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Beer Pairings: What to Drink with Ribs
Editor's Note: We're trying to find the best beers to drink with our favorite Serious Eats recipes. Certified Cicerone Michael Agnew is here to help.
Ribs come in nearly infinite variety (if you aren't familiar with the Serious Eats barbecue style guide, I highly recommend it). To start, you can choose between beef and pork. Then there are baby back ribs, spare ribs, and country-style ribs. Travel across the country and you'll find endless regional specialties; Memphis, Kansas City, St. Louis, and Texas, just to name a few.
No matter what kind of ribs you like, you'll probably want a beer to go with all that slow-cooked meat.When pairing ribs with beer, you want to reach for malt-forward beers that offer sweetness or roast. Crisp lagers are nice for their palate cleansing power, but super-bitter beers may harshly overpower the delicate flavors of the meat.
Taking inspiration from Sarah Chappell's recent piece pairing wines with ribs, I am basing my beer pairings on a simple distinction between spicy, dry-rubbed ribs and sweeter wet ribs.
Beers to Pair with Wet Ribs
Sweet and saucy wet ribs really sing with malty-sweet beers. Look for beers with caramel, toast, and dark fruit flavors to pull out the best of both the meat and the sauce.
Celebrator Doppelbock: Richly sweet, caramel-toasty malt blends seamlessly with the sauce bringing out nice molasses notes in the finish. Celebrator has subtle background roastiness that adds a welcome hint of smoke to the pairing. The alcohol comes off a bit harsh, but let the beer warm and that subsides.
Spaten Dunkel: A classic Bavarian dark lager, Spaten Dunkel is simple enough to complement without overpowering. It seems thin with dry ribs, but with wet ribs the tangy sauce and sweet caramel malt grab hold of each other and give a boost to both. Just enough hops and a crisp finish work to clear your palate.
Beers to Pair with Dry Ribs
Dry-rubbed ribs still want malt, but the dry spiciness can handle beers that are a little bit more crisp. Stick with more subtle beers though, as the spice rub flavors are actually quite delicate and can be easily overpowered.
Samuel Adams Octoberfest: I might take some flak for recommending this one over the myriad other Oktoberfest-style beers out there. All I will say is that I tasted it and the pairing was magical. Just the right balance of caramel malt and spicy hops picks up both the brown sugar and the spice in the rub. It kills the fat on the way out, leaving you ready for the next bite or another sip.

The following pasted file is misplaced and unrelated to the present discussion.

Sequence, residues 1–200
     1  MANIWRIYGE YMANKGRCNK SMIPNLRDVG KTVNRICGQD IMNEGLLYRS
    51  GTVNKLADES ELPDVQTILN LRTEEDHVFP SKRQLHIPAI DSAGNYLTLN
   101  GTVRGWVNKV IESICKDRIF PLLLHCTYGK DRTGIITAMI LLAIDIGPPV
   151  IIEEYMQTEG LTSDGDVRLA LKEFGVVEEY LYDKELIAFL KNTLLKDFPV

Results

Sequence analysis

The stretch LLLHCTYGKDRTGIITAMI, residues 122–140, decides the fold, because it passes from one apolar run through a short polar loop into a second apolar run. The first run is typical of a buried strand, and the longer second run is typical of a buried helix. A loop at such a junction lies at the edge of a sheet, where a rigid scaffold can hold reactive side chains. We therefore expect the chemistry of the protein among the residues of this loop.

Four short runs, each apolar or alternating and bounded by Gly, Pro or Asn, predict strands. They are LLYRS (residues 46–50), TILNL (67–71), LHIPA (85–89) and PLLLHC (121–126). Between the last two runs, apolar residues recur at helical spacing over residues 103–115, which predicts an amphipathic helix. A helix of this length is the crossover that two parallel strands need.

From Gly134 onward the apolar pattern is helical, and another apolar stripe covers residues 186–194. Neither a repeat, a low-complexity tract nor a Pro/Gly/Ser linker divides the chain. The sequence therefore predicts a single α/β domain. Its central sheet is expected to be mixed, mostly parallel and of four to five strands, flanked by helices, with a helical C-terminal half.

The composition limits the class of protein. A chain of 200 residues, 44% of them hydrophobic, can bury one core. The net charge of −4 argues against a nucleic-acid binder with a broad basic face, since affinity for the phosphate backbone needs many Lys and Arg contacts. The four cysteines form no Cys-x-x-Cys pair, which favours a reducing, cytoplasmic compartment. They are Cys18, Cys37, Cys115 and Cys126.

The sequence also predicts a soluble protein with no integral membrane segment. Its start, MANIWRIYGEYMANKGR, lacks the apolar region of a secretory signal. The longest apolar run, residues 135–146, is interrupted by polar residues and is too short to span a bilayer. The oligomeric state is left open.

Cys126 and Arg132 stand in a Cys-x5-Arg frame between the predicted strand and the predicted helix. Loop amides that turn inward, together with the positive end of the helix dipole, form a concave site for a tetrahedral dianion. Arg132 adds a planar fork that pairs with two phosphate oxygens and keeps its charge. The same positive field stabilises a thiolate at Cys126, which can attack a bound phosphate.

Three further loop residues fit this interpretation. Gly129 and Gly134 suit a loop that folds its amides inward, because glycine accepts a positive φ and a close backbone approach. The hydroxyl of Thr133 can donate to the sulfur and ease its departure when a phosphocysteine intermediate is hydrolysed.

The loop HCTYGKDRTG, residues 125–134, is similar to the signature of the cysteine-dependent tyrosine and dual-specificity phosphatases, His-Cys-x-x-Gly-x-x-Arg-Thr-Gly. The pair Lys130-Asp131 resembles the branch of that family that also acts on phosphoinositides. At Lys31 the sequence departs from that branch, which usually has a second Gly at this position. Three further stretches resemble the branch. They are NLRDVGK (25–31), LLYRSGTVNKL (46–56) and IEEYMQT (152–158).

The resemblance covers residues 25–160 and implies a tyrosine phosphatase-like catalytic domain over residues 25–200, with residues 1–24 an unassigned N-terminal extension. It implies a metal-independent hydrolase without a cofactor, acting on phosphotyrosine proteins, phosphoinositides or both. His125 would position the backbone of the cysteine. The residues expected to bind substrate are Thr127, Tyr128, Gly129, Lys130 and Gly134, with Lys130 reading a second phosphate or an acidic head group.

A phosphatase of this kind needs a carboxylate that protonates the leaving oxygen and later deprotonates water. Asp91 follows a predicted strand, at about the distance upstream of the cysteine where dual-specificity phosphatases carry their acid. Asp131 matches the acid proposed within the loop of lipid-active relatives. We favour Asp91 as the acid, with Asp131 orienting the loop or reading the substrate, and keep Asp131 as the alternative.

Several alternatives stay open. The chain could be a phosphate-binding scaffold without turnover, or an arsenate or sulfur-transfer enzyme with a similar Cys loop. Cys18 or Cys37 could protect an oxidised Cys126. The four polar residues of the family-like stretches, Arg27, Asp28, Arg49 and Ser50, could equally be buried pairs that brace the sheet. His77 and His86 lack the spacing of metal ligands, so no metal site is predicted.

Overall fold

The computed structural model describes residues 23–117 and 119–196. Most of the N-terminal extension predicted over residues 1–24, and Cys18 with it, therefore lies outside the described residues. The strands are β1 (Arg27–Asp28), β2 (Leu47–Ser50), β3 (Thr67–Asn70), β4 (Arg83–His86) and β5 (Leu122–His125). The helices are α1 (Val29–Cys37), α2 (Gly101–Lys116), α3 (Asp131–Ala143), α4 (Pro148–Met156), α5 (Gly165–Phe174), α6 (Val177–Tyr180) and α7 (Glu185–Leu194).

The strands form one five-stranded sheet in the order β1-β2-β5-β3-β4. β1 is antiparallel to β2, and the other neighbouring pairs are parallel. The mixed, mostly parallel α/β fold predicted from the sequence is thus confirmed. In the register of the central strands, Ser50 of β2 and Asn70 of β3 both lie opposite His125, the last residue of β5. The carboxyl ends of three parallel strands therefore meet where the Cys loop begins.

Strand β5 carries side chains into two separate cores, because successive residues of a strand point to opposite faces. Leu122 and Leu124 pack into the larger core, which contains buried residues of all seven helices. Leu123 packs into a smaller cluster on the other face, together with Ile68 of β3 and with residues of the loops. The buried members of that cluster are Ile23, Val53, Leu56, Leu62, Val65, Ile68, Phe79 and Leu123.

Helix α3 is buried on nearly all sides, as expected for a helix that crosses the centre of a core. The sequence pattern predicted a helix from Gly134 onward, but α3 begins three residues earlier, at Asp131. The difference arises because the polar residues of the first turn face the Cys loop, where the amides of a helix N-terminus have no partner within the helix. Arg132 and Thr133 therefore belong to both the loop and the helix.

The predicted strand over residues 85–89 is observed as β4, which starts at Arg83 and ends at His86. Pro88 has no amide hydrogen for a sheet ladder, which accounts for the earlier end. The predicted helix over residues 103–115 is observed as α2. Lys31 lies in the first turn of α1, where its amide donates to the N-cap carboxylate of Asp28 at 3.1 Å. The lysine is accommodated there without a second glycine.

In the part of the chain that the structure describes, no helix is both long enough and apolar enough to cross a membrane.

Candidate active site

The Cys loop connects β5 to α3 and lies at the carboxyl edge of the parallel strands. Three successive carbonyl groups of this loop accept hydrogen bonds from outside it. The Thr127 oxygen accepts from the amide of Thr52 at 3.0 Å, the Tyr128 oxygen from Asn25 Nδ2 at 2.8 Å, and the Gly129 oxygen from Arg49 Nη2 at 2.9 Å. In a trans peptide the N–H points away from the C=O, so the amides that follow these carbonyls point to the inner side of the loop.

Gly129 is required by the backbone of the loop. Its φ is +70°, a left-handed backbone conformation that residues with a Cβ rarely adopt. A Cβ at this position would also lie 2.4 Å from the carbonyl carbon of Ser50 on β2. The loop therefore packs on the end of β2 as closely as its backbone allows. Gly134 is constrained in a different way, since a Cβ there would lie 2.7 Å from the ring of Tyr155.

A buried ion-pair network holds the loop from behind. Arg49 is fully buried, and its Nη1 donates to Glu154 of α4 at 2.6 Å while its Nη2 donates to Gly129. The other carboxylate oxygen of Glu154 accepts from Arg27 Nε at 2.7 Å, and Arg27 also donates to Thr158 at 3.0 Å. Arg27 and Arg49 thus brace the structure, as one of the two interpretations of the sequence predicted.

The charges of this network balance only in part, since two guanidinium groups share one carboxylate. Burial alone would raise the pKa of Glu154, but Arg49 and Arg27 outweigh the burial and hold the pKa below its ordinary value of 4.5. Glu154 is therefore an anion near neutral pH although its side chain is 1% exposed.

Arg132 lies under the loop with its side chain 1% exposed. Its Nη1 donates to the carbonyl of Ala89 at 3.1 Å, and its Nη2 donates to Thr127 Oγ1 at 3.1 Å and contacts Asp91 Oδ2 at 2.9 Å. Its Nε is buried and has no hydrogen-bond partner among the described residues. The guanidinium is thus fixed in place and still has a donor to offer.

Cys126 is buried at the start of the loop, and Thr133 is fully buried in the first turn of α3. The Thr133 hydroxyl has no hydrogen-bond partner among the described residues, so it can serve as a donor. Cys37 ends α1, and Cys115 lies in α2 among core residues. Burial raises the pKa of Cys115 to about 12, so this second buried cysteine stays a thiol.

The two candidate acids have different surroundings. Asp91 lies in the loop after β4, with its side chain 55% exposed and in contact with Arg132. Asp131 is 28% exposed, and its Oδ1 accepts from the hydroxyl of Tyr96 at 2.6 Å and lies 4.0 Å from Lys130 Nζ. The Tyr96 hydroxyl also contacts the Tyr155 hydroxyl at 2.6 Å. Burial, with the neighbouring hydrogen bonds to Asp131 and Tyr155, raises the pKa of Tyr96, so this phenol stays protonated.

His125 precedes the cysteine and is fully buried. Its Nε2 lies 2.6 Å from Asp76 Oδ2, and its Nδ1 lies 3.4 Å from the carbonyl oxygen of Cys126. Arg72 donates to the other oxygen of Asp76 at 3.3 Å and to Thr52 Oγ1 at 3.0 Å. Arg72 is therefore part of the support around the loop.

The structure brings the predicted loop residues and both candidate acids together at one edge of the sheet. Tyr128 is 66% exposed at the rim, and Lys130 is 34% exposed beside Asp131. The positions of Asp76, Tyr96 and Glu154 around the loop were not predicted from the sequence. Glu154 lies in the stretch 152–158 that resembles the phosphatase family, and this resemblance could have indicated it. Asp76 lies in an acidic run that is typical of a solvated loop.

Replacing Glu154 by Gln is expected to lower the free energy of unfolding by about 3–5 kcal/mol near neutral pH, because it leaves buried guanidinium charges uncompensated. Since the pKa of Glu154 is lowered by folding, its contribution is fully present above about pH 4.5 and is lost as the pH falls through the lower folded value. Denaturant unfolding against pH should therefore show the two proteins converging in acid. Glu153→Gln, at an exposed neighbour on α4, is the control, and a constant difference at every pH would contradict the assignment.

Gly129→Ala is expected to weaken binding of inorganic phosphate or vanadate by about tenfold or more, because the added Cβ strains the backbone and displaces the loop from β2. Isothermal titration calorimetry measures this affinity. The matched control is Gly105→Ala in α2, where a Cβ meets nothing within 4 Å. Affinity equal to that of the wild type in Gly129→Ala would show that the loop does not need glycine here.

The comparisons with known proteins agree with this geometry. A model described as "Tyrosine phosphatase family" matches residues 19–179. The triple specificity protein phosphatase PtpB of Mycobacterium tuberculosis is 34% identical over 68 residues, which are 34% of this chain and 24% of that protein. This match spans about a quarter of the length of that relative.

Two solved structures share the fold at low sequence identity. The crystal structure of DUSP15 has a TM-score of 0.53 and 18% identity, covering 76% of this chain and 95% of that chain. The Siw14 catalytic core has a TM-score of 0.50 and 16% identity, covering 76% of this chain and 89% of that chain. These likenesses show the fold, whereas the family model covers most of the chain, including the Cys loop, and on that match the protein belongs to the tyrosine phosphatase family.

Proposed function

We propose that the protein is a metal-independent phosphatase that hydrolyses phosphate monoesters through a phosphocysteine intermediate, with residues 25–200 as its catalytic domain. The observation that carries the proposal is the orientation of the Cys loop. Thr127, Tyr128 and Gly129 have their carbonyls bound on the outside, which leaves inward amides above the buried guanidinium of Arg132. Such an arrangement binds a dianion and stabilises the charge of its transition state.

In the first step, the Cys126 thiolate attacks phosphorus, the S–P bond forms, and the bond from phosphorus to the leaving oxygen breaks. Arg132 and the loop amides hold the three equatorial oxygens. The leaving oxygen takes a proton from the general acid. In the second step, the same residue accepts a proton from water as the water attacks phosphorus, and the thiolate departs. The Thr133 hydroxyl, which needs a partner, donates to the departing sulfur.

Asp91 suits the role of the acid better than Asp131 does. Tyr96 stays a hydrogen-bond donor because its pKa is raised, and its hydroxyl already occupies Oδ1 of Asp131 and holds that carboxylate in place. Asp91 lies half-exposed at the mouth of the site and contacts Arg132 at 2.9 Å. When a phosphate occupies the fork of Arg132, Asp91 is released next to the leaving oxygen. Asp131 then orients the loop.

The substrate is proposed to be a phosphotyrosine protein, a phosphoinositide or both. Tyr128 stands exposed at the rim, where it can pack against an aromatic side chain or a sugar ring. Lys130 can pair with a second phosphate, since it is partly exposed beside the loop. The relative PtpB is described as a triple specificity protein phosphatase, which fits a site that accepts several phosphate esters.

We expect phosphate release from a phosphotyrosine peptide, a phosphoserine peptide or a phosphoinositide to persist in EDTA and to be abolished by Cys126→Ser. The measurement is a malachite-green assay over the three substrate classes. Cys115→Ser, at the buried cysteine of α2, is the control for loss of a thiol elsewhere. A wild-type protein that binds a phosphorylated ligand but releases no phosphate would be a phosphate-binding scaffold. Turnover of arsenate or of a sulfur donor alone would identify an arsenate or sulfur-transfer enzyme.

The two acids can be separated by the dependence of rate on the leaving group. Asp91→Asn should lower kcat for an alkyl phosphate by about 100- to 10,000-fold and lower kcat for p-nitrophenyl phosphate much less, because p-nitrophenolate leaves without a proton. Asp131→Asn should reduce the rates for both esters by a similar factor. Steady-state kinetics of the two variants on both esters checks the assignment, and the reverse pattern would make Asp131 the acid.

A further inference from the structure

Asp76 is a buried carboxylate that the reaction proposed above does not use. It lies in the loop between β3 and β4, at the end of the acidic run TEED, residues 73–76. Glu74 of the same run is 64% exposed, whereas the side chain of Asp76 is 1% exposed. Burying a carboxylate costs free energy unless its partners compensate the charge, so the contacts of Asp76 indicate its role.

Köstrizter Schwarzbier: Sometimes called black pilsners, schwarzbiers have the crispness and balanced hops of that style with just a touch of dry roastiness. The dry beer was a perfect match to the dry ribs. Gently sweet malt and spicy hops touched both sweet and spice in the rub. That hint of roast worked with the grilled toastiness of the ribs.
Beers for Both Wet and Dry Ribs
Certain beers have just the right combination of sweet, spice, and fruitiness to make a good match for a wide variety of rib styles.
Goose Island Pepe Nero: This beer is a black saison brewed with black pepper. It's got the familiar yeasty spice and fruit of a saison with a just a bit of roast. The black pepper gives it an extra kick. Paired with the dry ribs, the experience begins with a burst of citrusy fruit. Very quickly, though, the spices take over. The phenols and black pepper in the beer combine with the spicy rub to create a deliciously piquant feedback loop. The combination with the wet ribs brings out an angel's chorus of fruit. The slightly elevated malty sweetness of the beer is amplified by the sauce while the spices offer a gentle counterbalance.
Aecht Schlenkerla Rauchbier Märzen: Anyone who has ever tried and loved an Aecht Schlenkerla Rauchbier will know that it is an obvious choice to pair with any grilled meat. The meaty smoke of the beer works with both wet and dry ribs. The dry ribs emphasize that smoke. The wet ribs tone it down while pulling out the underlying malty sweetness.
What's your favorite beer to drink with ribs?
About the Author: Certified Cicerone Michael Agnew is the lead educator and owner of A Perfect Pint. He conducts beer tastings for private parties and corporate events. His beer musings can be read in the Minneapolis Star Tribune, his own Perfect Pint Blog, The Hop Press at Ratebeer.com, the City Pages Hot Dish Blog, and in respected national beer magazines.